On Friday, President Obama signed legislation that willÂ award the Congressional Gold Medal to the families of Addie Mae Collins, Denise McNair, Cynthia Wesley and Carole Robertson. Â The four girls were killed atÂ the 16th street Baptist Church in Birmingham on September 15, 1963 after members of the KKK bombed the church. The date for the gold medal ceremony has not yet been set.
From Rep. Sewell’s office: On Friday May 24, 2013, Congresswoman Terri A. Sewell (D-AL) will join President Obama at the White House for a bill signing ceremony for the Congressional Gold Medal Bill honoring the “Four Little Girls”.Â H.R. 360 passed unanimously in the House of Representatives on April 24 by a vote of 420-0. Congresswoman Sewell and Congressman Spencer Bachus (AL-06) introduced the bill along with the entire Alabama delegation and Alabama natives Rep. John Lewis (GA-05) and Rep. Sanford Bishop (GA-02).Â The U.S. Senate unanimously approved H.R. 360 on May 9.Â U.S. Senator Richard Shelby (R-AL), who garnered co-sponsorship from over two-thirds of the Senate, introduced the Senate version of the bill along with Senator Sessions (R-AL).Â Also attending the bill signing ceremony: Mayor William Bell, Dianne Braddock, the sister of Carole Robertson; and Lisa and Maxine McNair, the sister and mother of Denise McNair.
“I am thrilled that President Obama is going to sign H.R. 360, the Congressional Gold Medal Bill to honor the lives of Addie Mae Collins, Denise McNair, Carole Robertson, and Cynthia Wesley. With the President’s signature, this nation will finally honor the sacrifices of these four little girls that ignited the spark which led to the passage of the Civil Rights Act of 1964. I am especially honored that we will be joined by Dianne Braddock, the sister of Carole Robertson and Lisa and Maxine McNair, the sister and mother of Denise McNair. And though we will never be able to replace the lives lost or the injuries suffered, this medal will serve as a compelling reminder of the sacrifices so many freedom fighters made to help us achieve equality and social change,” said Rep. Sewell.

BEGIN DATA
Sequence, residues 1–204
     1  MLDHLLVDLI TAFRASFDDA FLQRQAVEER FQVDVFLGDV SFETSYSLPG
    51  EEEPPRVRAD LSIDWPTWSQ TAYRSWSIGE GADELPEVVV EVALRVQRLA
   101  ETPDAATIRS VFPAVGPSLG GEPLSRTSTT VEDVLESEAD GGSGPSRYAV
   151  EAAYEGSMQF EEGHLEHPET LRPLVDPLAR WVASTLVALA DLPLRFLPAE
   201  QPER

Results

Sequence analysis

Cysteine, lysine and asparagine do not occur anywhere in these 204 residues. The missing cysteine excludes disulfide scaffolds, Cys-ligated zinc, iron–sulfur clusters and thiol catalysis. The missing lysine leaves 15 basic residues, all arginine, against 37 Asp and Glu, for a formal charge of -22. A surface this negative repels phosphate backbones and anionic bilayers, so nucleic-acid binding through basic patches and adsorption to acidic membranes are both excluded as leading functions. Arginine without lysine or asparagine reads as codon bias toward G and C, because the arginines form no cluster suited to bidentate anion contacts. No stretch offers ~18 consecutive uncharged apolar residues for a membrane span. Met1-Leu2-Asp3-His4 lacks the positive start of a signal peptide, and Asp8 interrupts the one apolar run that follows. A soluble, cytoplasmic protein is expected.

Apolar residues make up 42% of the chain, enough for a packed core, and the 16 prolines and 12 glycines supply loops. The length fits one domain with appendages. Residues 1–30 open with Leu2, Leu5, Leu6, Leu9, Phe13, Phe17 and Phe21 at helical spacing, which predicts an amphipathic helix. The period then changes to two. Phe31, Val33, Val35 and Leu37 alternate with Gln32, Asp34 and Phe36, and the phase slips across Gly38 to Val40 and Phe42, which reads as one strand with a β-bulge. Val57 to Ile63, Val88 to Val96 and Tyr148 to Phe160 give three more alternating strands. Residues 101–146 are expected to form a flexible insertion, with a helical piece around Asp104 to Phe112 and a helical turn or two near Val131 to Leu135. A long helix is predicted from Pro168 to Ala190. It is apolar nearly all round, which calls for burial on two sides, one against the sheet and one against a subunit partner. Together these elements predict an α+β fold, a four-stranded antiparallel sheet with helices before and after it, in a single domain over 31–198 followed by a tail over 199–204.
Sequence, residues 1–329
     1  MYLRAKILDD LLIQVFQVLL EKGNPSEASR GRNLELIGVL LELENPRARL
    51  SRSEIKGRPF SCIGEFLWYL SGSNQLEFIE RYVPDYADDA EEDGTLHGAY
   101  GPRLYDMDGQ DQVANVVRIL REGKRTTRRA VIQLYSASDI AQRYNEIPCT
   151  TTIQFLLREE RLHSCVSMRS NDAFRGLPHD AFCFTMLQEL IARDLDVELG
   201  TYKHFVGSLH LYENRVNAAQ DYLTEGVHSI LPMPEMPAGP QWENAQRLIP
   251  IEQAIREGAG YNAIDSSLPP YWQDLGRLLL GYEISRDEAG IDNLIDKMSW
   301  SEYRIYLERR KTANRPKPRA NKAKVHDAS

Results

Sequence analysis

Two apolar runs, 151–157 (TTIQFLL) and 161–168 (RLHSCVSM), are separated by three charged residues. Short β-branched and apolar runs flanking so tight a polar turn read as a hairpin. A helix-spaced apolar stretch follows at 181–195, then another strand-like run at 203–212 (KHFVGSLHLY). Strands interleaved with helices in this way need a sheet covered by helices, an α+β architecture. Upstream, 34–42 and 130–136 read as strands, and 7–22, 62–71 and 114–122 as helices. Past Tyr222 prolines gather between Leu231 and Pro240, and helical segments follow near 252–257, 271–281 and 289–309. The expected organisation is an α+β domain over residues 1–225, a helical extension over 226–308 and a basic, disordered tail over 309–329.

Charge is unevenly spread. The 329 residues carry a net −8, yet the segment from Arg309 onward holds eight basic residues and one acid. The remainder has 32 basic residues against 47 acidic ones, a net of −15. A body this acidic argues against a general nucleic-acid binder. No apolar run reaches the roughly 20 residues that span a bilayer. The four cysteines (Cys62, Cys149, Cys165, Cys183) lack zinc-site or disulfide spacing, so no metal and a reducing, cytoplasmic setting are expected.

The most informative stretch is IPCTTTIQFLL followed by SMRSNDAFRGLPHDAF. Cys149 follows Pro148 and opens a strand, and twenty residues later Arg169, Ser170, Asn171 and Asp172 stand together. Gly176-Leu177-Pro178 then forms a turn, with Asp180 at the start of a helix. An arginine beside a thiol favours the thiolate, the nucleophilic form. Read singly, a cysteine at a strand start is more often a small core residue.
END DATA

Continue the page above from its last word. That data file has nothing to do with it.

“This bill signing recognizes the legacy of four beautiful little girls whose lives, while far too short, led to permanent change in our society and became an honored part of the civil rights movement.Â It was a pleasure to work with Congresswoman Sewell and our entire Alabama delegation in the House and Senate to pass this legislation on a year in which the City of Birmingham to commemorating the 50th anniversary of landmark events that helped extend the protections of the U.S. Constitution to so many who been denied their fundamental rights as Americans,” said Rep. Bachus.Â Â